Friday, October 02, 2015

The Night Has Eyes (1942)

Sometimes you can stumble upon a movie in the most unlikely of circumstances. I came across this one for the first time about 20 years ago, when I found a VHS copy from Goodtimes Home Video at a tent sale in a shopping mall parking lot in Pennsylvania. It sounded interesting enough from the description on the box cover copy, but I decided not to buy it (probably due to a lack of allowance money -- I was only 12 or 13!) and came away empty handed.

The description of the film stuck in my mind, and over the years I would try to find a copy, but to no avail. Recently, however, thanks to the magic of the Internet, I finally had the opportunity to see it for the first time, and was pleasantly surprised by what a really entertaining, tightly-constructed little thriller it is. The premise involves a couple of young schoolteachers on vacation in the Yorkshire Moors, where one of their colleagues had recently disappeared under mysterious circumstances. When they become stranded on the moor on a dark and stormy night, the women seek shelter in an old house belonging to a brilliant but troubled pianist (James Mason), with whom one of the women falls instantly, madly in love. But when it becomes apparent that Mason is harboring dark secrets from his past, and is given to violent episodes, the two women begin to fear that they are in danger, especially when they learn that their colleague had also been staying in the house at the time of her disappearance.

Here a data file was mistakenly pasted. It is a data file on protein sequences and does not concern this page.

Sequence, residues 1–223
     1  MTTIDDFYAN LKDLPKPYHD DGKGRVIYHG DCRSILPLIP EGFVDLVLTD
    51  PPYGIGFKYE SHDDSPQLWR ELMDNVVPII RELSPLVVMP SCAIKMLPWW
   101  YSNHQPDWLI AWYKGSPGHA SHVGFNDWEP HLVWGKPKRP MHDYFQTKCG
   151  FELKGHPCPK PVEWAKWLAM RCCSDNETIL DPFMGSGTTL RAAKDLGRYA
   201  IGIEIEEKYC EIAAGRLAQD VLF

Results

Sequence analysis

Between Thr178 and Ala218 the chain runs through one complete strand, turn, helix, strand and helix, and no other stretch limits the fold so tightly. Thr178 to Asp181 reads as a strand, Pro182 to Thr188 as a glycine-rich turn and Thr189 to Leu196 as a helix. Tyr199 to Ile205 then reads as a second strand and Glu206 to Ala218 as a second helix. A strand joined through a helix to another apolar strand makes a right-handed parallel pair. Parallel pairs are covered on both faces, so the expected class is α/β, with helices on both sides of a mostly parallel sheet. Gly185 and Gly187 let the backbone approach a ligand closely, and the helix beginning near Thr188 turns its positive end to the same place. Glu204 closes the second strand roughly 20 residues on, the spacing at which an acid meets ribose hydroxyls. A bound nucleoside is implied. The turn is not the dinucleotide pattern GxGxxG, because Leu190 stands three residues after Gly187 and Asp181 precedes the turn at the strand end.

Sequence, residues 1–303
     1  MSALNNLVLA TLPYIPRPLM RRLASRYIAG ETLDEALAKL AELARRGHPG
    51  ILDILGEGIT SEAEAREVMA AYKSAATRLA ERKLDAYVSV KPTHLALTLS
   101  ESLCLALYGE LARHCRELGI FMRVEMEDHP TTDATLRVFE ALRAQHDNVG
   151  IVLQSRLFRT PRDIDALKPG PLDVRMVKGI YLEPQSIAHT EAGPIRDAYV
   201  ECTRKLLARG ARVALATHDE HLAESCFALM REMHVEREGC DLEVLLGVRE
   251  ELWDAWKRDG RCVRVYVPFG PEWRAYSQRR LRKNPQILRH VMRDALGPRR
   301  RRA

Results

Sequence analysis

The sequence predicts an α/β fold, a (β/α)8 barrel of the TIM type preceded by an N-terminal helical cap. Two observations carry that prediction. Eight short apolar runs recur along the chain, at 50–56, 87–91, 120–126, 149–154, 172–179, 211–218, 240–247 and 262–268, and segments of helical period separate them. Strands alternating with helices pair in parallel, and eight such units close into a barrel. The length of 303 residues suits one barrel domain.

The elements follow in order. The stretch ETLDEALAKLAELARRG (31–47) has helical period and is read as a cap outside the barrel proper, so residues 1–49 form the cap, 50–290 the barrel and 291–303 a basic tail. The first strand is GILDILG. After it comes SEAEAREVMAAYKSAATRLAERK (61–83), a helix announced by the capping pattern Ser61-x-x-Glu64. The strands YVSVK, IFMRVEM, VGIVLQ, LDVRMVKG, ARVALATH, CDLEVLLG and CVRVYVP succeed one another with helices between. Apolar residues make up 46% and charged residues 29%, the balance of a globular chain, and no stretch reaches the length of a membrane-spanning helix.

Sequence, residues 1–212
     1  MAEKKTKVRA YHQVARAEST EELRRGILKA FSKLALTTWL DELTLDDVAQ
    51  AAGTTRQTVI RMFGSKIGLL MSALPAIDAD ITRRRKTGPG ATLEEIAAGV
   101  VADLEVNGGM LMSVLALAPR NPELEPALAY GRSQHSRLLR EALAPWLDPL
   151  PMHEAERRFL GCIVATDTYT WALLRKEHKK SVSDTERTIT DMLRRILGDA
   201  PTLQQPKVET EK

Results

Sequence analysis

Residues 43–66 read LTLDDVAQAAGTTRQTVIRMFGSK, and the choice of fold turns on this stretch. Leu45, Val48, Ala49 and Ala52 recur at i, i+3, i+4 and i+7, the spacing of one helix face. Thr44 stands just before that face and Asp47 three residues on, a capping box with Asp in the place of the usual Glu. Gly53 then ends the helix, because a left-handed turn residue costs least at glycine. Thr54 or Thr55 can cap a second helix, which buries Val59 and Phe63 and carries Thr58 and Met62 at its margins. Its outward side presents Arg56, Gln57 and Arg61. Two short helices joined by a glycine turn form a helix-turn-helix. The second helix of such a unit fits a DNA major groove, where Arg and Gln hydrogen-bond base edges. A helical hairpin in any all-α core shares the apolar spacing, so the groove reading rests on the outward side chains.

Directed by Leslie Arliss, from a script by Arliss and John Argyle adapted from a novel by Alan Kennington, with Gunther Krampf's stylish, high-contrast cinematography giving it just the right look, and a colorful supporting cast including Joyce Howard, Tucker McGuire, Mary Clare, Wilfrid Lawson and John Fernald, this is a superb wartime British thriller, oozing mystery and atmosphere, and perfect viewing for a cold, gray, rainy night.

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